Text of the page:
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Rectus abdominis muscle

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Attachments, innervation and functions of the rectus abdominis muscle.
Rectus abdominis muscle (Musculus rectus abdominis)

Rectus abdominis, informally known as the abs muscle, is a long muscle of the anterior abdominal wall. In those with low body fat, it is clearly visible beneath the skin forming the ‘six pack’. It extends from the rib cage all the way to the pubic bone

Rectus abdominis belongs to the anterior abdominal muscles together with pyramidalis muscle. But taking the functional anatomy into account, these two muscles comprise the anterolateral abdominal wall along with the three lateral abdominal muscles; external oblique, internal oblique and transversus abdominis.

This article will discuss the anatomy and function of the rectus abdominis muscle.

Key facts about the rectus abdominis muscle
Origin Pubic symphysis, pubic crest
Insertion Xiphoid process, costal cartilages of ribs 5-7
Innervation Intercostal nerves (T7-T11), subcostal nerve (T12)
Blood supply Inferior epigastric and superior epigastric arteries; contributions from posterior intercostal, subcostal and deep circumflex arteries
Function Trunk flexion, compresses abdominal viscera, expiration
  1. Origin and insertion
  2. Structure 
  3. Relations
  4. Innervation
  5. Blood supply
  6. Functions
  7. Clinical points
    1. Myocutaneous flap
    2. Abdominal hernias
    3. Omphalocele/exomphalos
    4. Gastroschisis
  8. Sources
+ Show all

Origin and insertion

Inferiorly the rectus abdominis muscle is attached by two tendons; the larger one is attached to the pubic crest, from the pubic tubercle to the pectineal line, while the small, medial tendon is attached to the pubic symphysis.

The fibres of the rectus abdominis then extend vertically superiorly and insert into the xiphoid process of sternum and costal cartilages of the 5th, 6th and 7th ribs. Generally speaking, the most lateral fibres attach to the anterior end of the 5th rib, however in some cases it extends to the 3rd and 4th ribs, or this slip is absent altogether.

Struggling with remembering muscle facts? Check out our muscle anatomy reference charts with the keyfacts about all 800+ body muscles organized into handy tables!


The rectus abdominis muscle is paired muscle that runs vertically, either side of the linea alba, on the anterior surface of the abdominal wall. The linea alba is a band of connective tissue that divides the two halves of the muscle vertically.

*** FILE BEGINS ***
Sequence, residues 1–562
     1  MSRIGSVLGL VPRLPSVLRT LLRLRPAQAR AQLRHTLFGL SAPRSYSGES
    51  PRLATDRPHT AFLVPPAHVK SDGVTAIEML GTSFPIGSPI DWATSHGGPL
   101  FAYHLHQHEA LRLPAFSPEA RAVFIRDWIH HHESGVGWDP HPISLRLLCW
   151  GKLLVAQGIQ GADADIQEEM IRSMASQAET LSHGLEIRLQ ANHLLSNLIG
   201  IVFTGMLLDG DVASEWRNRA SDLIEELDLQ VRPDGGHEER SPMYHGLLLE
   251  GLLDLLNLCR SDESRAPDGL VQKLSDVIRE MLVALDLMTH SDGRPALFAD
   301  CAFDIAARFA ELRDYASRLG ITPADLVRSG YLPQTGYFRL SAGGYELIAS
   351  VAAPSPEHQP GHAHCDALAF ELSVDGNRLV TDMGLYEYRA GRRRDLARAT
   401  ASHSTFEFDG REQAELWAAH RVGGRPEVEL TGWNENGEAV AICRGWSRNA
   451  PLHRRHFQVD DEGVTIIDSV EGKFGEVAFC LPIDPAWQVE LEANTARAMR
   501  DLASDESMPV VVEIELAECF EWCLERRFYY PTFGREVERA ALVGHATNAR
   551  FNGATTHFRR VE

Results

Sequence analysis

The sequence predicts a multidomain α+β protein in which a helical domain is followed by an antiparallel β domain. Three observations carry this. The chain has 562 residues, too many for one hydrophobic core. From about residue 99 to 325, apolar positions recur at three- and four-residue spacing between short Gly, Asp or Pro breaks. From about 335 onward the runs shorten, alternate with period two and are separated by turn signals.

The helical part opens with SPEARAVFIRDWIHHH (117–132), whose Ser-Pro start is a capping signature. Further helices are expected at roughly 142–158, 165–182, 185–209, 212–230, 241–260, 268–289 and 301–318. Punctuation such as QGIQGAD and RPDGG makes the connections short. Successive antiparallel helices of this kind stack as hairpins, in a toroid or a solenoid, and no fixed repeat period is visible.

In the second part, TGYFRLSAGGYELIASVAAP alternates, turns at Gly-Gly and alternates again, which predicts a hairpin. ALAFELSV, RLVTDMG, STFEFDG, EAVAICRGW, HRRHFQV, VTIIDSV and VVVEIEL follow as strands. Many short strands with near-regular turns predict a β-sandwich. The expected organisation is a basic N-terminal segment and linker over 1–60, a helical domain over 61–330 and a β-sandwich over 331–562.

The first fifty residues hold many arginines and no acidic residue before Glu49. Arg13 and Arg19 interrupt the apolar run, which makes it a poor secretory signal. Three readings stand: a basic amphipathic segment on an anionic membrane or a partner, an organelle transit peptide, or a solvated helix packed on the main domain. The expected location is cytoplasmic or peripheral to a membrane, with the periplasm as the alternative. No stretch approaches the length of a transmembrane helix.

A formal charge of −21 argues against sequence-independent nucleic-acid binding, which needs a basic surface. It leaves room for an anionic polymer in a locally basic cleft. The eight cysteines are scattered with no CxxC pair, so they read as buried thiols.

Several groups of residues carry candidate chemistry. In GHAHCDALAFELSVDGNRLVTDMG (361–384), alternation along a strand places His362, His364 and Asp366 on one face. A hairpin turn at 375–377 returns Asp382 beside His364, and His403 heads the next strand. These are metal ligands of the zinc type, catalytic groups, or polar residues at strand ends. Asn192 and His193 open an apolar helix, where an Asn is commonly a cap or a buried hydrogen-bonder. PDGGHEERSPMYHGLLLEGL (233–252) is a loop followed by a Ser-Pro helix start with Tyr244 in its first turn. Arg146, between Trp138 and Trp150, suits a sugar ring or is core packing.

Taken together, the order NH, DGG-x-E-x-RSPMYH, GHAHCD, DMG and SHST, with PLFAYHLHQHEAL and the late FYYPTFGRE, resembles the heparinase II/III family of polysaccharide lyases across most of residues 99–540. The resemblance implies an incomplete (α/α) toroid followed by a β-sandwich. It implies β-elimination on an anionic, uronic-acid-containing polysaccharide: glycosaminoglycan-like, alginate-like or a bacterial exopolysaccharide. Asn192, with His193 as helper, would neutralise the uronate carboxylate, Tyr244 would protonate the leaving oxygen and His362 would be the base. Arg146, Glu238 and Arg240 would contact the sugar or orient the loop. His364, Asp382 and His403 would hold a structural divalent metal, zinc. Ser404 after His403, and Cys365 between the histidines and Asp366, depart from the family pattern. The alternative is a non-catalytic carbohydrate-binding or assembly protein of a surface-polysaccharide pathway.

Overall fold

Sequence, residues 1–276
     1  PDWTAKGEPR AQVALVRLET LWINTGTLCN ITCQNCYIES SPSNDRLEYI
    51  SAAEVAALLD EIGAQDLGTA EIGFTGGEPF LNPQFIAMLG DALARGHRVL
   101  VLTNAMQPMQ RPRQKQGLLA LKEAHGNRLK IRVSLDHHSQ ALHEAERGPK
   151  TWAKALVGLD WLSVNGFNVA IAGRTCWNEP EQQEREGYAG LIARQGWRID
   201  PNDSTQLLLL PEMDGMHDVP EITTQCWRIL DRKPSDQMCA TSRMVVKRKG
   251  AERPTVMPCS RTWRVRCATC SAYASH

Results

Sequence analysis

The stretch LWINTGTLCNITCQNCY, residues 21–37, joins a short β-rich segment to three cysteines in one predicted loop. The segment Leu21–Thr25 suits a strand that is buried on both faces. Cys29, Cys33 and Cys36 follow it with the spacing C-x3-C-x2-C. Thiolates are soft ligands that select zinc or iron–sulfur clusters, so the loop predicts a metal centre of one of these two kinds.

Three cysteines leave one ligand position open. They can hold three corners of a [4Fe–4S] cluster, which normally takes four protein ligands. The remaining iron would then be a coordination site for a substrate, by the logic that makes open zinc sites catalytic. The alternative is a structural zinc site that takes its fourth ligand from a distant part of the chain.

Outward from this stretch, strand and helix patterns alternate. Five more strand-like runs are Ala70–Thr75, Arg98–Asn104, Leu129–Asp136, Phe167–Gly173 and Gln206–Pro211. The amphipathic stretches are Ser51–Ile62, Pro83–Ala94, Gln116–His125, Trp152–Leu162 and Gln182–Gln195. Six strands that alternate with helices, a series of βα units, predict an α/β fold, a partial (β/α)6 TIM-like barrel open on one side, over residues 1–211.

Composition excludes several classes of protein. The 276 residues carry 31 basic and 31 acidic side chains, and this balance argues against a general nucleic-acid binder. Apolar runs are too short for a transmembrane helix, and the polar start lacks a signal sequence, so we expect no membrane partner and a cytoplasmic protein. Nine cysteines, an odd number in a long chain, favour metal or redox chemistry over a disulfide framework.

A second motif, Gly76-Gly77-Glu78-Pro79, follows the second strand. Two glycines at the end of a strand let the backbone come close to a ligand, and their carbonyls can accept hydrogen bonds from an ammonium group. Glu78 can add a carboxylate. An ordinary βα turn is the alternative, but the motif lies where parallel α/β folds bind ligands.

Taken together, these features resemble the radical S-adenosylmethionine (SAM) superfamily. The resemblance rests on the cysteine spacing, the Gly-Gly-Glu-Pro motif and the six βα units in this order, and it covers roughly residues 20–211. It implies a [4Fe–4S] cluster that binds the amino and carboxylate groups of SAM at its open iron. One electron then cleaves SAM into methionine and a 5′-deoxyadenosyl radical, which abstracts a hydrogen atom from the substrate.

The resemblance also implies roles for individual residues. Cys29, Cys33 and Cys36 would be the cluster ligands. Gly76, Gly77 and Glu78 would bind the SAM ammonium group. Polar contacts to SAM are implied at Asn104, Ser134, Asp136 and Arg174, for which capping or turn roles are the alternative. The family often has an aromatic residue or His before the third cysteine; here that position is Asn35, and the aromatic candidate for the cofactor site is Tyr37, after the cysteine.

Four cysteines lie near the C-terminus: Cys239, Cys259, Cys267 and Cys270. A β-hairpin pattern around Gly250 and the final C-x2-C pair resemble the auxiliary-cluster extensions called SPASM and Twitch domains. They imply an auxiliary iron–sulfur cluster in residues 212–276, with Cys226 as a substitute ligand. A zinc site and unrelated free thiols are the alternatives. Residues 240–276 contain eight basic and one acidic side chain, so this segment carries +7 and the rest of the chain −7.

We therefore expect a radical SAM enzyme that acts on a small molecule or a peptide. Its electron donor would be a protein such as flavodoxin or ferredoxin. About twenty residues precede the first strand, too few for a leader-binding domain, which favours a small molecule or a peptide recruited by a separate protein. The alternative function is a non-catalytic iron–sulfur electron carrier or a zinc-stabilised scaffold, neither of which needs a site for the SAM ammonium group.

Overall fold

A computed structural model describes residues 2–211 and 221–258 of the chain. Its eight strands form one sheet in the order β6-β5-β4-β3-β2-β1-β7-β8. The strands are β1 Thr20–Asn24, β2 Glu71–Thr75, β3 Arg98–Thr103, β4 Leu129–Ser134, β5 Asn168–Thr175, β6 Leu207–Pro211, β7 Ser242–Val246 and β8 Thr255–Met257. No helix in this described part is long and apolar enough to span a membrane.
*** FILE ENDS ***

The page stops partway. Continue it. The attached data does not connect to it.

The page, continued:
The linea semilunaris is the tendinous intersection that separates the lateral edge of the muscle from the external oblique and internal oblique muscles that lie on the lateral surface of the anterior abdominal wall. It usually extends from tip of the ninth costal cartilage to the pubic tubercle.

Anterior abdominal wall in a cadaver, showing the rectus abdominis muscle. Notice the linea alba extending across the mid-line.

Finally, there are three tendinous intersections in the rectus abdominis muscle. One of these horizontal intersections is present at the level of umbilicus, another at the level of xiphoid process and the third mid way between them. These fibrous bands divide the muscle into segments, resulting in a grid iron ‘six pack’ shape in those with low body fat. The intersections are believed to be representations of myosepta which delineate the muscle forming myotomes.

Learn the anatomy of the abdominal muscles with our articles, video tutorials, quizzes, and labeled diagrams.


The rectus abdominis muscle itself lies within the rectus sheath, which is formed by the merging of the aponeurosis of transversus abdominis, external and internal oblique abdominal muscles.


The rectus abdominis muscle is innervated by the thoracoabdominal nerves, which enter the rectus sheath by piercing its anterior surface.

They pass between the transversus abdominis and internal oblique muscle layers, and pierce the sheath of the rectus abdominis muscle.

The nerves are simply the anterior divisions of the 7th to 11th lower intercostal nerves, that continue to supply the abdominal wall after the intercostal spaces they supplied end medially.

Blood supply

The blood supply to the rectus abdominis muscle arises from a number of vessels, but predominantly the inferior and superior epigastric arteries

In addition, small terminal branches of the lower three posterior intercostal arteries, subcostal and deep circumflex artery also provide some contribution.


Rectus abdominis  flexes the trunk anteriorly. Moreover, working together with other abdominal muscles, this muscle compresses the abdominal viscera and increases the intra-abdominal pressure, which has an important function in processes such as forced breathing, labor, defecation and micturition.

The rectus abdominis also stabilizes and controls tilt of the pelvis (antilordosis). 

Consolidate your knowledge about the rectus abdominis and other muscles of the abdominal wall with our quiz below!

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